The jobs report released today will stoke the debate over whether the Fed should hike interest rates. But the real deal is that wages are still declining. And we need Congress to act, not the Fed.
This week, presidential contender Bernie Sanders called for an end to the obscene rules that force Americans to pay the highest prices for prescription drugs in the world. He got that right.
Trump eruptions; stock market gyrations. The din aggravates, confuses and distracts from what we should be addressing. Here's a short bit a common sense to help sort out the real from the blare.
Commentators still dismiss Donald Trump as a summertime fling. But Trump's tropes are not simply ravings. They are making a case that many Americans want to hear.
Conservative commentators have begun to label both Sanders and Trump "populists," one from the left, the other from the right. This is a slur both on Sanders and on populism.
America lost a giant and CAF lost a friend when Julian Bond passed away this weekend at the age of 75. His piercing intellect, eloquent voice, and puckish humor will be sorely missed. He made America better.
The Republican debate debacle combined with a positive jobs report has put Democrats into a celebratory mood. But the reality is that we haven't even begun the reforms we need to make this economy work for working people.
The Republican "debate" turned into the Trump show. Aided and abetted by Fox News moderators who repeatedly went after him, Trump dominated, treating the others as bit players in his ongoing farce.
Hillary Clinton has opened a "conversation" about what she calls "quarterly capitalism," the perverse incentives that lead corporations to focus on the short-term over the long. Her reforms, however, don't match her rhetoric
Yesterday, thousands of federal workers – led by Senate cafeteria workers – walked off their jobs to demand a living wage, decent benefits and union. Sen. Bernie Sanders joined them, as pressure builds on President Obama to act.
Today is the fifth anniversary of the passage of Dodd-Frank, the complicated legislation designed to reform Wall Street after it blew up the economy. With finance still bloated, much more needs to be done.
Hillary Clinton presented what aides described as a framing speech for her economic policy on Monday. Her speech reflected both the scope and the limits of the populist advance in the Democratic debate.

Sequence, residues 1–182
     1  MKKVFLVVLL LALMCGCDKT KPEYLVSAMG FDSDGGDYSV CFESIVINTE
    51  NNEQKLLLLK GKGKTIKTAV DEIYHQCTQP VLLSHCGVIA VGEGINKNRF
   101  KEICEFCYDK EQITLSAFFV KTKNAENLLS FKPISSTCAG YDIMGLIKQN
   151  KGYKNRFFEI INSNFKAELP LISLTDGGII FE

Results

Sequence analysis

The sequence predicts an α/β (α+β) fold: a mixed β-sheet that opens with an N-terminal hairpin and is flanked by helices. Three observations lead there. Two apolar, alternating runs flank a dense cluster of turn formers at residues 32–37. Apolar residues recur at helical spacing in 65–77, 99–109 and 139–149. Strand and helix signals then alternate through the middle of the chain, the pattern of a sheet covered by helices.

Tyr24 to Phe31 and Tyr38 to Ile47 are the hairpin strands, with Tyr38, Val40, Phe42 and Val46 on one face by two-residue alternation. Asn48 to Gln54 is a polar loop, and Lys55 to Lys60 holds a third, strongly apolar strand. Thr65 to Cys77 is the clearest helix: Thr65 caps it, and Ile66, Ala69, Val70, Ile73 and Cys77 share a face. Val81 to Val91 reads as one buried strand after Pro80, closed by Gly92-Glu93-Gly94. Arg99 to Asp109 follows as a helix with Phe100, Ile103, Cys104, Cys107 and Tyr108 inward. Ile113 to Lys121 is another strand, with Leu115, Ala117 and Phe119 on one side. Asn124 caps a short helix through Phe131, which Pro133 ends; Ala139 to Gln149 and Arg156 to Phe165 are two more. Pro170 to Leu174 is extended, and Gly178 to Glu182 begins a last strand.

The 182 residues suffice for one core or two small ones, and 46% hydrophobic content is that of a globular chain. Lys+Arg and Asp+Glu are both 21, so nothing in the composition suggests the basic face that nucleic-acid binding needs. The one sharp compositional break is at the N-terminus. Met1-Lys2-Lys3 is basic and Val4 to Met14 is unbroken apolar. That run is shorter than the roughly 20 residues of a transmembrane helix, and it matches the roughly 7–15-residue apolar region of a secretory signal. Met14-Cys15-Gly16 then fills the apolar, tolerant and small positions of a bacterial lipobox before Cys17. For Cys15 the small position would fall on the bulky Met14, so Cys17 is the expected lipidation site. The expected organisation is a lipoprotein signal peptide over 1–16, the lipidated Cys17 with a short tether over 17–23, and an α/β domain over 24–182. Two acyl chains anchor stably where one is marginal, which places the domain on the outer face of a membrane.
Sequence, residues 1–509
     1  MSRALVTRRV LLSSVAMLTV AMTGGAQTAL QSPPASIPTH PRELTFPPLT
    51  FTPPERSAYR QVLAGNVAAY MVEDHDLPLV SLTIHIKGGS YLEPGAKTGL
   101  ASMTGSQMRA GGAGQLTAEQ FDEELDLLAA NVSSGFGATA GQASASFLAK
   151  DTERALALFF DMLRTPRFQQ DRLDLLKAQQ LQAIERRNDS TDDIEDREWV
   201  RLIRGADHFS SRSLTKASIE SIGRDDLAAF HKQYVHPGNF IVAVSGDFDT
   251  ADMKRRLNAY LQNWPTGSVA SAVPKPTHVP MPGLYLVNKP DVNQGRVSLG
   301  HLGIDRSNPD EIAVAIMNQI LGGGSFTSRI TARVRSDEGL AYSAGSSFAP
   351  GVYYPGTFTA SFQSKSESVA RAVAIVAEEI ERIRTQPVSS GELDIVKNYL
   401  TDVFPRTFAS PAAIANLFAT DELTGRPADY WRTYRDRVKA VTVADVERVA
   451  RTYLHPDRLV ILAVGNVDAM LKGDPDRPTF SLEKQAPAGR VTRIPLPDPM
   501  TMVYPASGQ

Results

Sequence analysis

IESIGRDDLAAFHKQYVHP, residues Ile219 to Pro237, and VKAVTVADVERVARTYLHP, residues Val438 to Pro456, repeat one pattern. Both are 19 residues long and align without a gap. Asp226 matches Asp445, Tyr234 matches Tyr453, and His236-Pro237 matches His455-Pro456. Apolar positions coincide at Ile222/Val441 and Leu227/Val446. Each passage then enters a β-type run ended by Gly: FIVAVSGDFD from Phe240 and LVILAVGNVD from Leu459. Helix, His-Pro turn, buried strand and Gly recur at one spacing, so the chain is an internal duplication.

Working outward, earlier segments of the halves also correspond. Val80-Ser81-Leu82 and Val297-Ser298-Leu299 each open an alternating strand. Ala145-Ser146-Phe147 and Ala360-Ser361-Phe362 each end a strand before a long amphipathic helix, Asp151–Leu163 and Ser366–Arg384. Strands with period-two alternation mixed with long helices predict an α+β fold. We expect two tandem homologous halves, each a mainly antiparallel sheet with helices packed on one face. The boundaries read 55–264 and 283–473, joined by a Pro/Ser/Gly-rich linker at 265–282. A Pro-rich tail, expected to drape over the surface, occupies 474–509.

The Greek crisis deepens. The European Bank refuses the aid needed to reopen Greek banks. Germany's Angel Merkel sees no basis for a new deal. The full catastrophe grows nearer.
The Greeks have refused to accept the harsh punishment that Europe prescribed for them. Europe's effort to topple the Syriza government has failed. Now Europe must decide how it will react to the voice of democracy.
The June jobs report shows more of the same: steady but slow jobs growth. Wages and hours were flat. The recovery continues but workers still are seeing few of the rewards.
Greece is now on the brink. The referendum on July 5 offers Greek voters only a choice of calamities. The common narrative of this crisis is deeply misleading. Greece's failure is, in the end, Europe's shame.
The heinous act of racial terrorism at the Emanuel AME Church in Charleston has been met with expressions of amazing grace and faith. But faith and grace are not enough. Change will come only if people of conscience demand it.
In the early stages of any presidential campaign, the race for money is accompanied by an “ideas primary.” What’s striking about the salad days of the 2016 race is that populism is leading the ideas primary of both parties.
The setting was electric. The speech was solid. In the first major public rally of her campaign, Hillary Clinton proved she gets the populist temper of the times, and will champion liberal – but limited – reform.
The vote on fast track is slated for Friday. It is too close to call. The backroom dealing is frenzied. But the choice is simple: Will we continue our ruinous trade policies or will Congress set a new course?